* country respectively, and in the South
Illiteracy is in general greater in
the south than in the north for all
classes of population. Pet-haps the
fairest (basis of comparison between
the two sections is that for native 4
white children living in cities of over
25,000 inhabitants. In the North At
lantic division the illiteracy for this
class of,.children is 2.1 and in the
North .central 1.9; in the South At
lantic division it 8.3, and in the South
~z !~~- ::::: a-n aong.
the children of foreign-iborn parents
than among those of natives, owing,
it is said, to -the fact that a greater
proportion of them live in cities.
Thanksgiving Proclamation-A Re
It is very appropriate that at this S
time should be republished the first
Thanksgiving proclamation. It is
singularly significant, -too, that he who
was the Father of His Country, first
in war, first in peace and first in the
hearts of his countrymen, should be t
the first American to have the honor
of proclaiming, on the part of his peo
ple, acknowledgement of God's bless
ings, by setting apart a day of Na
tional Thanksgiving. The original
document is in the children's room of
the Dubuque, Iowa, public library.
A Proclamation by the President of
the United States.
When we review the calamities
which affect so many other nations,
the present condition of the United
States affords much matter of conso
lation and satisfaction. Our exempt- .
ion hereto from foreign war-an in
creasing prospect of the continuance
of that exemption, the great degree of
internal tranquility by the suppression .
of an insurrection which so wantonly i
threatened it, the happy course of our
public, affairs in general, the unexam
pled prosperity of all classes of our
citizens-are \circumstances which r
mark 'our -situation with indications of
the Divine beneficence toward us. In c'
such a state of things, it is, in an es
pecial manner, our dutyr as a people
with devout reverence and affectionate
gratitude, to acknowledge our many L
great obligations toward Al.might-y B
God and to implore Him to continue
and confirm the blessings we experi
ence. Deeply penetrrated 'with this a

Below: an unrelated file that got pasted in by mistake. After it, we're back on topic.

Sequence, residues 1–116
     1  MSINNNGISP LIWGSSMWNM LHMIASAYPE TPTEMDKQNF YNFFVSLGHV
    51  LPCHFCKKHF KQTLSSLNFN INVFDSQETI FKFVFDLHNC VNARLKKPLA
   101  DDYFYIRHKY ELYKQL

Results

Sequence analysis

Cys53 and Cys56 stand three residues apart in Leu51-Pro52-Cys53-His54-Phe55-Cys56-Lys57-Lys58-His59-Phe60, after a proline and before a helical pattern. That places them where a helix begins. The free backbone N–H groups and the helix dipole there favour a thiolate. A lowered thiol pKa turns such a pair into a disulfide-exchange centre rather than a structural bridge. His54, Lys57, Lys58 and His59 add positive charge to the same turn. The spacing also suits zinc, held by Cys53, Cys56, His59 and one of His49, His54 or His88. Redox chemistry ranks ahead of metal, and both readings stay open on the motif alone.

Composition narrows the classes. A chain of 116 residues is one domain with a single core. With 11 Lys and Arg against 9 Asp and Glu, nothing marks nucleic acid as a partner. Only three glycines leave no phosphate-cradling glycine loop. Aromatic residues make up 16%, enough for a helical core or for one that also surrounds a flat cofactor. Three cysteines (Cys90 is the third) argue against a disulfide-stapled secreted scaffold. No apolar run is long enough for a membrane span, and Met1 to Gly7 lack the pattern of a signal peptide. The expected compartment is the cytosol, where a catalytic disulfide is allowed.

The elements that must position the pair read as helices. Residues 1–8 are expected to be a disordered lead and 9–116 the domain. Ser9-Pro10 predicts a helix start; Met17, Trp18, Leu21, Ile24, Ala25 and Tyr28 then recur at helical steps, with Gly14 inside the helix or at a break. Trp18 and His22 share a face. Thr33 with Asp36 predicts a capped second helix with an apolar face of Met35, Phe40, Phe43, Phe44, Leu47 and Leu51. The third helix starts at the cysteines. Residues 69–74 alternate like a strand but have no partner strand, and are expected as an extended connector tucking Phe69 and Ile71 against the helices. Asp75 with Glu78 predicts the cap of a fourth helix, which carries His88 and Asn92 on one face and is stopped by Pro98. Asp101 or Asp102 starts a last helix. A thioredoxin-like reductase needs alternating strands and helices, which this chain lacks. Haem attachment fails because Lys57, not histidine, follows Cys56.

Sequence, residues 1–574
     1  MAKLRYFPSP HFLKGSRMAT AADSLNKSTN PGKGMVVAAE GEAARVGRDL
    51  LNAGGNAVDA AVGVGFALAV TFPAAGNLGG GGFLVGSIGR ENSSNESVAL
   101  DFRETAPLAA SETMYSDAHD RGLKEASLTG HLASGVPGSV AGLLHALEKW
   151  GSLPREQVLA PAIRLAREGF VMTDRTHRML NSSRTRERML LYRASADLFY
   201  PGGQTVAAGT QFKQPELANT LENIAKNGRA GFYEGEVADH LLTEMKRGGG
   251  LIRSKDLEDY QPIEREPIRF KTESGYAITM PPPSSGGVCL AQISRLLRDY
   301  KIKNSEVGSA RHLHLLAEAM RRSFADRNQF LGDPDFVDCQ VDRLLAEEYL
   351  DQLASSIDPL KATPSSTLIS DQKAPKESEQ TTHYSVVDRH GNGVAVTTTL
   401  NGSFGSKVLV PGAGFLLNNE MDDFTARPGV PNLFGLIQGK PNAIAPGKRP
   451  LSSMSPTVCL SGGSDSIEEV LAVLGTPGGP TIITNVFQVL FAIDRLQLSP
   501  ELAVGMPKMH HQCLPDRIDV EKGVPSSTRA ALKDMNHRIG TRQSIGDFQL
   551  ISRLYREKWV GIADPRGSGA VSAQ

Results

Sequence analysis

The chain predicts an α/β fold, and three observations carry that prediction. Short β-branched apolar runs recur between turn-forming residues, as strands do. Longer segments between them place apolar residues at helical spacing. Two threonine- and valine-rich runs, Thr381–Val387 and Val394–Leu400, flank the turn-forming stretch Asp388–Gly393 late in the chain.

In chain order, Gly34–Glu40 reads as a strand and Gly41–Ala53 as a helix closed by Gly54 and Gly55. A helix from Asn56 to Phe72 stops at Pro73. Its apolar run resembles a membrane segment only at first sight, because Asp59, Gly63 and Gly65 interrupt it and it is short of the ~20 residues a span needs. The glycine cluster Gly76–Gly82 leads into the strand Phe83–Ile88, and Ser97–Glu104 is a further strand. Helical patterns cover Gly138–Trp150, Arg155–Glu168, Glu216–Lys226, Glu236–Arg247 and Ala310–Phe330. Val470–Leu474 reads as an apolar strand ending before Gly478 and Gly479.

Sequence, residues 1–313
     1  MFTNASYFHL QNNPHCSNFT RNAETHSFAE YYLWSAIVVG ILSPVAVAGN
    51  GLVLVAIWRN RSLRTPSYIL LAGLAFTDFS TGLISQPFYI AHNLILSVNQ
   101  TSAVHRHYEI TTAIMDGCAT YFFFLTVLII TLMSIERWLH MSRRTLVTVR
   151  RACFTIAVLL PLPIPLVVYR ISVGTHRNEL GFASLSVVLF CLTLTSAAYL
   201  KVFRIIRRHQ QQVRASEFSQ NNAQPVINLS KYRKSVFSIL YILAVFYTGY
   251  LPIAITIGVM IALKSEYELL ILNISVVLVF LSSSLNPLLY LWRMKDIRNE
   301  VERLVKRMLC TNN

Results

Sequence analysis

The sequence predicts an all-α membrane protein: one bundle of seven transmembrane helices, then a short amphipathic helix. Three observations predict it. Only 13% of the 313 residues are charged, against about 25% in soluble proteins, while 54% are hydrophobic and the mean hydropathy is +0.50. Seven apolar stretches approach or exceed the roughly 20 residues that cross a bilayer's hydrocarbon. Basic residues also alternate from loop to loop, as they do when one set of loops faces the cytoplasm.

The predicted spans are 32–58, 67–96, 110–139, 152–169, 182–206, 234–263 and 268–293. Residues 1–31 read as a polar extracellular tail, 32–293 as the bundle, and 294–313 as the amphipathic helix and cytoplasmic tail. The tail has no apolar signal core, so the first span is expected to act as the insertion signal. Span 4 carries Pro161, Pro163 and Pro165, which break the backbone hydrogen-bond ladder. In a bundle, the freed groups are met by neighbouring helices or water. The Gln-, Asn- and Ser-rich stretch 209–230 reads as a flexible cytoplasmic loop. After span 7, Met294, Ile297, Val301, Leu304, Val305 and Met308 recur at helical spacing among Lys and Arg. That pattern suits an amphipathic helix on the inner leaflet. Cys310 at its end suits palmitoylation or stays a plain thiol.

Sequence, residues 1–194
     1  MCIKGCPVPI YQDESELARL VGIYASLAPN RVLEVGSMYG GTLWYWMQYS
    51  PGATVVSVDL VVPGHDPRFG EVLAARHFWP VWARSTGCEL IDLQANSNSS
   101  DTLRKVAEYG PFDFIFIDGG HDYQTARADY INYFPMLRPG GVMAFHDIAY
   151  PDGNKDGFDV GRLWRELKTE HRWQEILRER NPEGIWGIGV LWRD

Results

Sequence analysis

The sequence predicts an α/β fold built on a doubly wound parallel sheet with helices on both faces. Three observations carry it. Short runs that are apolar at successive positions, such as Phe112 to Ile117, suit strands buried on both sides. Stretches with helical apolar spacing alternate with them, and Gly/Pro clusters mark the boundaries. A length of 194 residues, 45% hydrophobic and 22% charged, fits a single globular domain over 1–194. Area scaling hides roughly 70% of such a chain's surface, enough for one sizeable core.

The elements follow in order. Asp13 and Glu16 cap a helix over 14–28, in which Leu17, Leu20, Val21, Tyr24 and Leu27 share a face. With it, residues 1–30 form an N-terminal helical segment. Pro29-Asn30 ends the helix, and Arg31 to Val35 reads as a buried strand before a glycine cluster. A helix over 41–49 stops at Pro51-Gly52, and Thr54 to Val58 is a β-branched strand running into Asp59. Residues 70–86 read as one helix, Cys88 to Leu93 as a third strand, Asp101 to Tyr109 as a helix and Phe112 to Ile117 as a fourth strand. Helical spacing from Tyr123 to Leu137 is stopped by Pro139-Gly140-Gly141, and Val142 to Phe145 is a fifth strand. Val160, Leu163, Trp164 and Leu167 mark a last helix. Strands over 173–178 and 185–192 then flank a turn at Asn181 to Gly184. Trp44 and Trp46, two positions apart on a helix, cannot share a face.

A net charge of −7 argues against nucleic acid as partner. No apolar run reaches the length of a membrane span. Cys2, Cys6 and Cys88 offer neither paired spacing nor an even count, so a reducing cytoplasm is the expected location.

sentiment, I, George Washington, o
president of the United States, do e:
recommend -all religio(is societies and
denominations, and to all persons a
whomsoever within the United States, a
to set apart an'd observe Thursday. s
the igth of February next, as a day a:
of 'puiblic thanks and prayer, and on F
that day to meet 'together 'and render 'j
their service and hearty thanks to the ,
Great Ruler of na'ions, for the mani- t
fold and signal mercies which dlis
tinguish our lot as a- nation. particu- ti
larly for the possession of consti.tu
tions of governiments which unite, an .1
by their union establish liberty with
order for the preservation of peace.
foreign and domestic, for the season
able control, which 'has been given to
a spirit of disorder in the suppression
of 'the late insurrection, and generally
for the prosperous course of our af-d
fairs, public and private, and at thed
same timne humbly and fervently to q
beseech the :kind Author of these 0
blessings graciously 'to prolong them
to us, to- imprint on our hearts a deep 0
and solemn sense of our obligation to M
Him for 'them-to teach us rightly to
estimate their immense value, to pre
serve us from arrogance of -prosperi- *
ty, and 'from hazarding the advantage
we enjoy 'by delusive pursuits, to dis
pose us to merit the continuance of
His favors. 'by not abusing them; by u:
our gratitude for them and 'by a cor- A
respondent conduct as citizens and as w~
men, to render this country more and o:
more a safe and propitious asylum for fr
the unfortunace of other countries-to 6
extend among us true and useful F
knowledge-to diffuse and establish R~
habits of sobriety, order, morality,
and finally to impart all the blessings
we possess or ask for ourselves to the
whole family of mankind.
Tn testimony whereof I have caused
the seal of:the United States of Ame r
ica to be affixed to these presents and
signed the same with my 'hand.
Done at the city of Philadelphia,